Illustration from MASQUERADE by Kit Williams


The answer comes in the form of a memory as clear as glassy water before anyone dives in. The day we translated that riddle in fourth grade, Lemon witnessed my most embarrassing moment of elementary school. This was before those awkward initials in the sand drew us apart. We worked the problem while Mr. Duncan pointed to each line on the board. "To be nothing," he circled the words as we took notes. What air does in water is how Trout are able to speak to us. "Does anyone know the answer?"

Suddenly I felt a growing sensation escape my bowels, surreal like it came from somewhere else. With absolutely no warning, a horrendous noise followed and there was nothing I could do to take it back.

"A fart!" kids around the room answered with shrieks and giggles. Everyone laughed as I drooped in my chair, everyone but Lemon who sat next to me in silence. "Nooo," Mr. Duncan tried to keep a straight face but I could see his mouth turning up at the corners. "But actually it's close."

When they tried to make the nickname Farty Fuchsia spread through the playground, only Lemon stopped them. She came right up to the group of kids making gross noises and put her hands on her skinny hips. "Shut up!" she screamed as she shook her yellow hair.

Why was she so good to me? She had treated me just like that girl at the shelter, without judging or hesitating. Our friendship had been strong. Maybe, a small voice in the corner of my mind insists, my family's sacrifice for her now is happening because of justice. Someone so generous deserves to survive. If only Mom wasn't the one risking her life for Lemon; it should have been me hooked up to that hideous syphoning machine.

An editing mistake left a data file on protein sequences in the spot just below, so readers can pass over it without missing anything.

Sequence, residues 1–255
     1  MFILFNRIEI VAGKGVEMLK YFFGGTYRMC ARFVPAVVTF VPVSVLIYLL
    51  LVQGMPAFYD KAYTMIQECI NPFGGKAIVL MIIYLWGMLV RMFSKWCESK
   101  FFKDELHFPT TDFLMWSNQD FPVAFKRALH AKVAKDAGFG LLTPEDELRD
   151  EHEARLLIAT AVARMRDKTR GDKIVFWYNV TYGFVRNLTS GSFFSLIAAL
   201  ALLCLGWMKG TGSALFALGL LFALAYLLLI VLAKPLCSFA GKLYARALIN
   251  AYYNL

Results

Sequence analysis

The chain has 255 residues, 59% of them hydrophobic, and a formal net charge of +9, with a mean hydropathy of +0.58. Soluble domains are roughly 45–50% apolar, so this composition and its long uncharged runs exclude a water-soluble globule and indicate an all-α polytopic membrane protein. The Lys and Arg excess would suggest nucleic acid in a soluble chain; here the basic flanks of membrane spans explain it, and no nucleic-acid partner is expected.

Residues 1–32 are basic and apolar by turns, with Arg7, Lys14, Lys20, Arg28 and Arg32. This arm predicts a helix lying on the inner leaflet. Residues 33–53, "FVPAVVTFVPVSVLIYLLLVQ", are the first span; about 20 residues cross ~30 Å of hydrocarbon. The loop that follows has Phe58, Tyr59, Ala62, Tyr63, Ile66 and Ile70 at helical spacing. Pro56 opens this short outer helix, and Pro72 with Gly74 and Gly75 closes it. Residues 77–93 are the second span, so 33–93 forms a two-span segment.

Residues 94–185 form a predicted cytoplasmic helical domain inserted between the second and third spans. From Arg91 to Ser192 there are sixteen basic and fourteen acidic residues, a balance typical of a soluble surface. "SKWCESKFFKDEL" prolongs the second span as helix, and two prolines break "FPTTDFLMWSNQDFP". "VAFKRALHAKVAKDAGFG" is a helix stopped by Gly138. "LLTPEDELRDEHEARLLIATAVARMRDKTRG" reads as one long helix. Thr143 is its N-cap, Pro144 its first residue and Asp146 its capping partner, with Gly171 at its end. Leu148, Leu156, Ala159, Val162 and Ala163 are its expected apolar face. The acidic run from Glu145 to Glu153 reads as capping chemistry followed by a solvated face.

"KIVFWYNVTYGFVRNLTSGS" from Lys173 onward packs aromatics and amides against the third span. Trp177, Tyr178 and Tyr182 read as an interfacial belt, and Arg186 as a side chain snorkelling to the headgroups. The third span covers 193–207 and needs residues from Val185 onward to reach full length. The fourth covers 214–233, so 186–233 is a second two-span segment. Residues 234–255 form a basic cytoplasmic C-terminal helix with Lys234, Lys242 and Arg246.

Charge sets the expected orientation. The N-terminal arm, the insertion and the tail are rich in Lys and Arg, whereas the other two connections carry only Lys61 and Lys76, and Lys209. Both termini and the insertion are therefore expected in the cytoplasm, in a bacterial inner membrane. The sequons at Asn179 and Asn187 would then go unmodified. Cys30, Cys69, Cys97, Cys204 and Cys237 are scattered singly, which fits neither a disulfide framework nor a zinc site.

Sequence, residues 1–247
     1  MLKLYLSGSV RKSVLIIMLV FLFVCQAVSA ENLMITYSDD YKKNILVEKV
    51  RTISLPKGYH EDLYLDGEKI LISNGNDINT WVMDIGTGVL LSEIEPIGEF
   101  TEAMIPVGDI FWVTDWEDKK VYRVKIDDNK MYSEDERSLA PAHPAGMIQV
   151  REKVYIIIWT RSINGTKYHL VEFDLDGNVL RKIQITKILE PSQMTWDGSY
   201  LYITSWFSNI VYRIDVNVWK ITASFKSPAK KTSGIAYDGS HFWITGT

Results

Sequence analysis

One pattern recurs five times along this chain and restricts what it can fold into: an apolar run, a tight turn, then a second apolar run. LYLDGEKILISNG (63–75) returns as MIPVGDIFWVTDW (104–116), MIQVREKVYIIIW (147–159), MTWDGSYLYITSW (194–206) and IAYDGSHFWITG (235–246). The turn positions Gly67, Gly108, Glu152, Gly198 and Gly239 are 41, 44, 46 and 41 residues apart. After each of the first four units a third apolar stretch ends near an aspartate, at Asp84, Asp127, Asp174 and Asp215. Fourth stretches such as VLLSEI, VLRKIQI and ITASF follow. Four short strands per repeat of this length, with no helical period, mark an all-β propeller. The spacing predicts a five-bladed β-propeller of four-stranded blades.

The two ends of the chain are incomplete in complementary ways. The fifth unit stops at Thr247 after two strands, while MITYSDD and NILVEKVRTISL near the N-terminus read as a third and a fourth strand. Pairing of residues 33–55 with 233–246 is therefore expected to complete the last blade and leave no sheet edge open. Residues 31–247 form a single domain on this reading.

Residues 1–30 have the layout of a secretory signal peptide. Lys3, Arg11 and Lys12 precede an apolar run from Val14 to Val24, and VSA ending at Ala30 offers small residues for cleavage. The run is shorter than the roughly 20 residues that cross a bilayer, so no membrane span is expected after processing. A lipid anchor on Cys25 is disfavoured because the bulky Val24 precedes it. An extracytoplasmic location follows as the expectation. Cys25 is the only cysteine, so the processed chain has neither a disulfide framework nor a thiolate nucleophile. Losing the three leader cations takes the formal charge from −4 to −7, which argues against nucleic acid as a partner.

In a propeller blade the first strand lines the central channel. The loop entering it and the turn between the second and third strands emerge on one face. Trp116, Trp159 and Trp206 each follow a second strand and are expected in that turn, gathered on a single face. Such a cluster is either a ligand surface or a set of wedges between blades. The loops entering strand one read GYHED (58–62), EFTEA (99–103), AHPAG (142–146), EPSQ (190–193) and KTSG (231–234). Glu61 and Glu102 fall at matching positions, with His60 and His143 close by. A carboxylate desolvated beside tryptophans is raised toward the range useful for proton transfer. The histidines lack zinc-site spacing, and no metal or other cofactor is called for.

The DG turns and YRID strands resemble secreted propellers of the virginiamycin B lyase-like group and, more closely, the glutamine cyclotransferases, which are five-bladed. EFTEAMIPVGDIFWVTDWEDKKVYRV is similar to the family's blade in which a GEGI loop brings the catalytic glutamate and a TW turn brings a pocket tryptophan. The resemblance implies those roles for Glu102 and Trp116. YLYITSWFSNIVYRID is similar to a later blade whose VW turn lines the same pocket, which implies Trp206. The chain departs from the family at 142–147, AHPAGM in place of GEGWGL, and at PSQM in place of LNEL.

The Cloak repeats the riddle, his raspy tone echoing in the earthy hollow. "Well, do ya know what is nothing on its outside, nothing on its inside, is lighter than a feather but ten tribespeople can't pick up?"

"It's a bubble," I say.

"Yer correct little lady and that thar bubble can be found where the trout live in the stream."

"The same place we need to get water for Grandma," Cord adds.

Mr. S checks his watch. "We need to move it."

We scurry up the ladder and cover the door to Grandma's hideout back up with dirt like we've done before, but this time Cord grabs some branches and throws them on top for back up camo. We make it to the crime scene tape when a light blinds us.

Cord pulls me behind an Aspen before the beam catches us in its trap. Mr. S and the Cloak are pressed to the tree next to ours and we trade worried looks in the brightening light.

I peer around and see more beams coming from some Columbine guards. Either they're starting an early shift or they're onto us, and either way, they're moving closer with each step.

"Okay, here's the plan," Mr. S whispers. "I'll distract them while you and Cord climb aboard the Cloak. He'll get you up and away from the guards and take you to the stream. Then the Cloak will fly the water back to the hollow."

I'm not thrilled about touching that wooly creep let alone riding him, but this is the only way we won't all be caught trespassing on a crime scene and get questioned about our many violations. If they find out we've saved an Elder and a Toadflax, the Sunangels will be ordered to kill us.

"On three, you and Cord crawl under the grasses over to our tree. I'll do the same until I'm twenty feet away."

"What will they do to you?" Cord asks. I don't like the idea of Mr. S taking the blame either. He already lost his job and now he may get arrested.

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